Thereafter, plaintiff and appellant filed a "motion to vacate the order of reference, the report of the referee, the opinion of the court, the judgment based thereon, and the order denying plaintiff's motion for new trial." Again a brief was filed. This motion was denied by Judge Forbes, in an order which reads, in part, as follows:

"A motion for new trial was then made by Plaintiff, and after a careful review of the entire record, was denied by the Court * * *. Two weeks later (this motion) * * * was filed.

"Ignoring the procedural peculiarities of the plaintiff's motion, inasmuch as all contentions made by him were considered by this Court on motion for a new trial and at that time resolved against him, the motion is denied. On the motion for a new trial, I carefully reviewed the entire record in this case and found myself in agreement with the opinion rendered by Judge Pratt. (Emphasis added.)

"The motion to review the taxation of costs by the Clerk, never having been noticed for hearing, is not now before the Court."

Not satisfied, the plaintiff-appellant thereafter filed a motion for a rehearing, re-argument, and reconsideration of plaintiff's motion for a new trial. Again the court patiently denied the motion, Judge Forbes again pointing out that he had carefully reviewed the case, and was in accord with the opinion entered by Judge Pratt.

Plaintiff now appeals.

Appellant urges here the same matters urged below, all relating (a) to the weight of the evidence or its sufficiency; (b) that the order of reference should never have been made, or (c) that appellant has newly discovered evidence.

All of these matters are peculiarly within the province of the trier of fact, or within the discretion of the trial judge. They form no basis for action by an appellate court.

Appellant raises six points upon appeal, (Appellant's Brief, p. 23) but "discusses them collectively." None is worthy of comment by this court beyond what has been stated above, save perhaps one undesignated legal point that is argued by appellant; namely that the agreement attached to his complaint as Exhibit A, — a copy of what he describes in his second amended complaint as "the partnership * * * agreement," — did not actually create a partnership. He cites Roberts v. Date (not Dale), 9 Cir., 123 F. 238, 244, a decision of this circuit. There it was held, says appellant:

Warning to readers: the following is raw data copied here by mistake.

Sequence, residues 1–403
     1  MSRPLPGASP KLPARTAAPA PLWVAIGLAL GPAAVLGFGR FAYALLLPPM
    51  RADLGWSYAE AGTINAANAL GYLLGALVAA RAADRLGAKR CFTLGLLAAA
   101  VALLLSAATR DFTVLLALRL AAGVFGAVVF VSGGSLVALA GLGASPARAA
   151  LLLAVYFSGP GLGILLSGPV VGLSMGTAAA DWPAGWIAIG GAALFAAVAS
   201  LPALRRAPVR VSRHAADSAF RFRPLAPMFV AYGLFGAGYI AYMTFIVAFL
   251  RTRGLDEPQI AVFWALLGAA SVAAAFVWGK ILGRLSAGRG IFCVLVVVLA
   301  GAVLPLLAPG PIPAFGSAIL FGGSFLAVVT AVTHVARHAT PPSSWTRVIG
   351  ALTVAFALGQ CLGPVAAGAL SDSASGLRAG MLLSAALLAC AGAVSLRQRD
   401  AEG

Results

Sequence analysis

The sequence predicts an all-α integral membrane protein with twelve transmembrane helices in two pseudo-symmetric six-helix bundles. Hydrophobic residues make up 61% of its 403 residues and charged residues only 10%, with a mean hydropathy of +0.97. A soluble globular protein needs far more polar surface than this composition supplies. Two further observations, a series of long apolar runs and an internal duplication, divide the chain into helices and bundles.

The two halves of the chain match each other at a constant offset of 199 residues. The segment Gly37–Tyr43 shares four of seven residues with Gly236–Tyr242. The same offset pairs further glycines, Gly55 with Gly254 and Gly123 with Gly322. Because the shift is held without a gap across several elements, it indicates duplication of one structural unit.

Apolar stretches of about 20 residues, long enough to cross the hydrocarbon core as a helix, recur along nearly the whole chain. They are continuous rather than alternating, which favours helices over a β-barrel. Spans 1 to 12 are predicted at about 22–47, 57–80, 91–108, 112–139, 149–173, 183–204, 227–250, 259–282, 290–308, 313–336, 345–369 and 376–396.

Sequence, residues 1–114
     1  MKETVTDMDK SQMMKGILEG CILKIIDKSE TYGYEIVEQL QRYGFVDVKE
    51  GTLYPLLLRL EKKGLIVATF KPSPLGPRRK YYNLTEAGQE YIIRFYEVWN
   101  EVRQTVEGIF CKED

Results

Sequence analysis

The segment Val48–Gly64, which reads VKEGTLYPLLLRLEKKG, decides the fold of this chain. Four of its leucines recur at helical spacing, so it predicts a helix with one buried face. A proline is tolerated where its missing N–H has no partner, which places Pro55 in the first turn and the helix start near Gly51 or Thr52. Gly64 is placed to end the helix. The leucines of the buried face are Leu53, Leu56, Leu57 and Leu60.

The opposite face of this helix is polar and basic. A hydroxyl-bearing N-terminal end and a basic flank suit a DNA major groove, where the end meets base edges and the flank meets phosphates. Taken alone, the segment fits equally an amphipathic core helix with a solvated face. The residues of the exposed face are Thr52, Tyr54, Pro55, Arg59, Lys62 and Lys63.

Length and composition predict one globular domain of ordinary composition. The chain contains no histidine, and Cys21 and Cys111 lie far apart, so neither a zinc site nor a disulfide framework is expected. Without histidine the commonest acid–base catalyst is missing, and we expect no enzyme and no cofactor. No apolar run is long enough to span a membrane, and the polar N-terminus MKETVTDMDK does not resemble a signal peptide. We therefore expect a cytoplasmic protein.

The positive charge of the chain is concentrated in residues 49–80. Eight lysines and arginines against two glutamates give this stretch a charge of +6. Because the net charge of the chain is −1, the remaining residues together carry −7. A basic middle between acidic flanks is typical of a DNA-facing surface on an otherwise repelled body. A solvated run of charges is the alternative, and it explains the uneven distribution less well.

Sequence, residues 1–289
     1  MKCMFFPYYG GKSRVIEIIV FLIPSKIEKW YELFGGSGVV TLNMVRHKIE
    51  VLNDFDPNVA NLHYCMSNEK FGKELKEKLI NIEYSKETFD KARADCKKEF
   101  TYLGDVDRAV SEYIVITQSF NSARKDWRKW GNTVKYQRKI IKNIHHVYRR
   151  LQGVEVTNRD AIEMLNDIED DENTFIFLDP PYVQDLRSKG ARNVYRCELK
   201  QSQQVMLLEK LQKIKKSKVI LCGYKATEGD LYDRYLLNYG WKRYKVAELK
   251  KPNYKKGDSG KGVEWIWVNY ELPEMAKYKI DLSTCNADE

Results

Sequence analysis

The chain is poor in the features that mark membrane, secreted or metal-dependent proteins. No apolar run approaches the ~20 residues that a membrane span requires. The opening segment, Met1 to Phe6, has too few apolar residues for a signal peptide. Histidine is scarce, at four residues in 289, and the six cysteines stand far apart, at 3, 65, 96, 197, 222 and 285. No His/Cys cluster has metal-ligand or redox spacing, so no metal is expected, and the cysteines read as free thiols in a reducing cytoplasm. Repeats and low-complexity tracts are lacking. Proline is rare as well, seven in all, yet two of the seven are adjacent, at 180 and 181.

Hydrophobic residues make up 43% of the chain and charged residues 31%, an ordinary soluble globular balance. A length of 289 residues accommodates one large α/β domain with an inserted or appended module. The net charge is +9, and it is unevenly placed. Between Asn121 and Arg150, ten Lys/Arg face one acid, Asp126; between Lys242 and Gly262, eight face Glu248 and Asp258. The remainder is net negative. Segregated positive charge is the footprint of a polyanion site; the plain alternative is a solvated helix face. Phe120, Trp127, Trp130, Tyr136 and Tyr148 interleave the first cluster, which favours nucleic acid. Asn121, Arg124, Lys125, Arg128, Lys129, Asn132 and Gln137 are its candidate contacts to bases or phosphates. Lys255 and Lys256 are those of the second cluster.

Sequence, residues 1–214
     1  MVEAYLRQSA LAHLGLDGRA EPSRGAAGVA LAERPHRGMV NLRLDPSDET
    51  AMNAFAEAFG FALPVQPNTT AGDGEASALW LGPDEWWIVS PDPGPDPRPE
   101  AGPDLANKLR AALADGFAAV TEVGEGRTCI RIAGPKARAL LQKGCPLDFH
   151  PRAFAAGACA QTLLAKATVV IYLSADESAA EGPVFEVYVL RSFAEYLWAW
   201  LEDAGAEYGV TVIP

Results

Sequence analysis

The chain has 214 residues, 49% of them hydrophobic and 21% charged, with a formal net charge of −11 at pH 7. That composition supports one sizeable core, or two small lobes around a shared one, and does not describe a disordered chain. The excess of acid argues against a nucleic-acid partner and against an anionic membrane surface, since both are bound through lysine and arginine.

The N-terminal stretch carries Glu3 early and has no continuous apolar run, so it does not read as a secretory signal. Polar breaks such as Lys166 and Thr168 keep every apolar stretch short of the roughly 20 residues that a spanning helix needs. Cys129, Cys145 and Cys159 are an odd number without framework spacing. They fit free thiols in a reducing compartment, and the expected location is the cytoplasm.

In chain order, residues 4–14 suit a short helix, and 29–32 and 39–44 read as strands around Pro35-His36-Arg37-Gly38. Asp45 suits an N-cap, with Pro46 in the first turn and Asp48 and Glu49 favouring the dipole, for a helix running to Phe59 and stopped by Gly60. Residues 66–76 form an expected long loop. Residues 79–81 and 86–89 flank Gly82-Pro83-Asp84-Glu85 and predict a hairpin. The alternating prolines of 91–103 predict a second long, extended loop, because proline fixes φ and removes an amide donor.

"an agreement to transfer an interest in mines or consideration of furnishing of money and supplies is a bargain and sale agreement and not a partnership agreement."

What the court actually said was:

"In the light of the surrounding circumstances and the acts of the parties, therefore, it is clear that the provisions which Date received and the money furnished him and his wife were the consideration of his transfer of an interest in his mines, and that, while there was a tenancy in common of the mines, there was no partnership and no partnership property, and no partnership enterprise was contemplated." (Emphasis added.)

That is not the factual situation here, as the facts and the theory on which the case was pleaded and tried, compared with the facts set forth in the Roberts v. Date opinion, decisively establish.

We find not the slightest semblance of merit in appellant's criticism of the lower court; either for allegedly assuming facts not in evidence, for being "confused," or for not giving the weight to certain contradicted testimony that appellant thinks should be accorded to it.

We affirm the judgment, but we make note that the matter of costs is not before us, just as it was not before the trial court for ruling, there being an unnoticed motion pending in the court below to review the taxation of costs made by the Clerk.